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Volkswagen issues DSG recall

Fix in order: The popular Volkswagen Golf is among those vehicles fitted with recalled DSG transmissions.

German brand Volkswagen issues voluntary recall on nearly 26,000 cars in Australia

12 Jun 2013

ALMOST 26,000 Volkswagen owners will bring their cars back to dealerships after the car-maker late yesterday bowed to concerns over the safety of its vehicles.

The voluntary recall affecting vehicles fitted with the company’s seven-speed dual clutch transmission includes the Polo and Golf hatchbacks, Golf wagon, Jetta sedan, Passat sedan and wagon, and Caddy light commercial vehicle built between June 2008 and September 2012.

“In isolated cases, an electronic malfunction in the control unit inside the gearbox mechatronics may result in a power interruption,” the recall notice issued last night reads.

“Other important vehicle systems, such as steering and braking, along with other relevant systems, will continue to be fully functional.

“If, in rare cases, the car loses power while driving, the driver can remain in control to safely manoeuvre the car to a stop.”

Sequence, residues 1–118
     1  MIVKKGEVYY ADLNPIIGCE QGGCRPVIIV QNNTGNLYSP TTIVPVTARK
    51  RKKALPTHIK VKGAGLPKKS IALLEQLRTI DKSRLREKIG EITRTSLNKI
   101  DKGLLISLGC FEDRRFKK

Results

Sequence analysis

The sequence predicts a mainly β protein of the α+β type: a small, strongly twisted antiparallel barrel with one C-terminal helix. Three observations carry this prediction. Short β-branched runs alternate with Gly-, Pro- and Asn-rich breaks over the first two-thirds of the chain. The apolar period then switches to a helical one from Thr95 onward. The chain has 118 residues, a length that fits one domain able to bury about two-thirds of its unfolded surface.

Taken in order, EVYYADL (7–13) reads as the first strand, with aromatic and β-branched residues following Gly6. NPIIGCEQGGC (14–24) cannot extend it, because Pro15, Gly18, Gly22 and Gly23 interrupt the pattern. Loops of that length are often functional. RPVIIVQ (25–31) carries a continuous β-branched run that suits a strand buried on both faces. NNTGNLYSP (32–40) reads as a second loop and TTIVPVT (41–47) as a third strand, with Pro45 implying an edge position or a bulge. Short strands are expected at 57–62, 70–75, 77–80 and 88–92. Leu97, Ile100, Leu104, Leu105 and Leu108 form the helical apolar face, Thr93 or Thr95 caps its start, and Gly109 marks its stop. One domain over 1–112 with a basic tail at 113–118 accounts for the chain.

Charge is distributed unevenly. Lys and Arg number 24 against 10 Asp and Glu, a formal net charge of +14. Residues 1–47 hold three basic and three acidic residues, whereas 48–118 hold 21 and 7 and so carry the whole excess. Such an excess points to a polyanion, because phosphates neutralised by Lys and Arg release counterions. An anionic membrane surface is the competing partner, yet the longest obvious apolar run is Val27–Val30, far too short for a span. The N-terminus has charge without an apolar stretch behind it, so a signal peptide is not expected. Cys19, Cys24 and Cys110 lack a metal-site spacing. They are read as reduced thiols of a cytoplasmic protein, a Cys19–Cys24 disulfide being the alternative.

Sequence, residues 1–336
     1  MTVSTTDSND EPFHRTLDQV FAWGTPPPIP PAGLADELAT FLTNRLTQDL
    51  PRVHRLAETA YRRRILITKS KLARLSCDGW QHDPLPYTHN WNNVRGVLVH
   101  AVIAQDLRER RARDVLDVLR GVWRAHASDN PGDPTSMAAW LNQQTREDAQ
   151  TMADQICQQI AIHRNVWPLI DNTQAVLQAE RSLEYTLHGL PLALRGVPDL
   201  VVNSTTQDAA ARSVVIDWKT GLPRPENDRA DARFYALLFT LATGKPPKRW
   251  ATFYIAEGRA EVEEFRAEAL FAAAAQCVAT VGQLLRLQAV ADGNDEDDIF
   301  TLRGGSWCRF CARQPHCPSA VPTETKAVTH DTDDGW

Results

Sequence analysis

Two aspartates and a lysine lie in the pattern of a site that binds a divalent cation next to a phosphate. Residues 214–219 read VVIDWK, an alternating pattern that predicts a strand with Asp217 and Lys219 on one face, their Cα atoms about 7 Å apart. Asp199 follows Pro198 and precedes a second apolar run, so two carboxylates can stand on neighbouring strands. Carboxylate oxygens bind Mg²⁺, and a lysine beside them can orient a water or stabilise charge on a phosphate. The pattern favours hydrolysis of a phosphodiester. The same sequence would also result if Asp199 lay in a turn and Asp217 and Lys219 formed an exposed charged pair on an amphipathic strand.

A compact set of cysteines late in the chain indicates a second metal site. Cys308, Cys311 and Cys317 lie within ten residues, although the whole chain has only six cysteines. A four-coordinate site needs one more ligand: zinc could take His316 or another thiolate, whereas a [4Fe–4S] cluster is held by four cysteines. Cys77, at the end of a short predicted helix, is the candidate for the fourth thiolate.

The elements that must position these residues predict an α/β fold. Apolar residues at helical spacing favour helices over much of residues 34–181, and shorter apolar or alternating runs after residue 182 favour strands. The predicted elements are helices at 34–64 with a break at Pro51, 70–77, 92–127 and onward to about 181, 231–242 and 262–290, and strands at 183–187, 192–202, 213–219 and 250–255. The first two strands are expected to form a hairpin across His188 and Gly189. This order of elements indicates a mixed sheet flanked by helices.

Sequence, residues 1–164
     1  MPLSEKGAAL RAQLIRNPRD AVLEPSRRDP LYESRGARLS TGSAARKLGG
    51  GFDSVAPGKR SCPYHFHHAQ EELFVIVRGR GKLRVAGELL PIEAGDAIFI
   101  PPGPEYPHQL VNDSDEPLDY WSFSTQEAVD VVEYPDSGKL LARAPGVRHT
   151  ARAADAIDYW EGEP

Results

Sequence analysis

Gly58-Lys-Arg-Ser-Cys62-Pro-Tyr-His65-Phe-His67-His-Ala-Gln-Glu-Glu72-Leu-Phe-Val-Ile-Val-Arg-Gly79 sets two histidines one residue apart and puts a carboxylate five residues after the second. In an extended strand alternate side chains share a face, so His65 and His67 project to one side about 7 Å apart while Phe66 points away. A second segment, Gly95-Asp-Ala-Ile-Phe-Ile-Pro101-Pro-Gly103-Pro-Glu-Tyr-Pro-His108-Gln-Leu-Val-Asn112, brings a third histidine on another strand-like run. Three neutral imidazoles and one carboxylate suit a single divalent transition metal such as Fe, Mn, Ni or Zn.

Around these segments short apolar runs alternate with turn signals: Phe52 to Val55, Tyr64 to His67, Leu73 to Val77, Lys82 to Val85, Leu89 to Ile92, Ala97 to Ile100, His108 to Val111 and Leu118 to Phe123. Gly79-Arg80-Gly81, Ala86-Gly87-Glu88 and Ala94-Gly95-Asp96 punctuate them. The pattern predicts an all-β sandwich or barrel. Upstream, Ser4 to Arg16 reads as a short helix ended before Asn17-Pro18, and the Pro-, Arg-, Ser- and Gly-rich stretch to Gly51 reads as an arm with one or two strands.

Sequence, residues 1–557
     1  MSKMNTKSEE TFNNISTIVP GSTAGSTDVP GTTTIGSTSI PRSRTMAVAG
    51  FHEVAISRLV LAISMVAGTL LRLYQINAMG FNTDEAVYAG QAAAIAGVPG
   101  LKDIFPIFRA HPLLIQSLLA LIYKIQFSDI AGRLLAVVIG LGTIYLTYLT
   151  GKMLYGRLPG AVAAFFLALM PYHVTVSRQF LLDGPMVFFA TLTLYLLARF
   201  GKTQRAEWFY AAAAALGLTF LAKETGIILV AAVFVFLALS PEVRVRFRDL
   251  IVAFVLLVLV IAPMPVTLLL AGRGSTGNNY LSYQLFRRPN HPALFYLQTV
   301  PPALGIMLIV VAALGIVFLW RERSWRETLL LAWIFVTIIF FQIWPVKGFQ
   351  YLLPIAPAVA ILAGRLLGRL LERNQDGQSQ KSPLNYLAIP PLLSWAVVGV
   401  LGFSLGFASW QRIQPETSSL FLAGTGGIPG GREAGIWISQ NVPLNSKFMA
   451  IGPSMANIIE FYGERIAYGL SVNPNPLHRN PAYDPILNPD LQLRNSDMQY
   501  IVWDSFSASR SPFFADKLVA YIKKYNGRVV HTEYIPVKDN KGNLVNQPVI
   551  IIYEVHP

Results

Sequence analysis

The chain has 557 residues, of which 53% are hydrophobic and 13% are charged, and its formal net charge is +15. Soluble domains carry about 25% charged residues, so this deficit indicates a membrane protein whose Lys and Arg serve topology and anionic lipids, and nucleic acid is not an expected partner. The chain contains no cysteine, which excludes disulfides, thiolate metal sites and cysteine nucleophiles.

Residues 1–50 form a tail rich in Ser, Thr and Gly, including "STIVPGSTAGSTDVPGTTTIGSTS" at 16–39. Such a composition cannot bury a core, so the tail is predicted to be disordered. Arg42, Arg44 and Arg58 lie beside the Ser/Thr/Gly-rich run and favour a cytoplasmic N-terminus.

Volkswagen said the recall did not affect cars currently on sale in showrooms.

“Volkswagen Group Australia will replace the gearbox mechatronic unit on all potentially affected vehicles at no cost to the customer,” the car-maker said.

“At the same time, we will also update customers’ vehicles with the latest software version.

“Owners can continue to drive their vehicles as usual before the replacement,” it said.

Volkswagen said it would start contacting owners from July.

The German premium brand’s cars have been under the spotlight since the revelation almost two weeks ago that the Victorian coroner was looking into the 2011 death of a Melbourne woman after a truck slammed into the rear of her Volkswagen Golf, which was stopped on a freeway.

The car-maker has pointed out that the car involved in the 2011 fatality had a manual gearbox. The coroner is yet to hand down a finding.

The Fairfax Media reports sparked a flurry of stories from other Volkswagen owners who reported that their vehicles had unexpectedly lost power while on the road.

The Department of Infrastructure and Transport last week revealed it was working with Volkswagen to “establish whether systemic safety issues are involved”.

Volkswagen issued a recall for more than 400,000 cars in China last year to fix faulty gearboxes. Similar recalls were later issued in Japan and Singapore.

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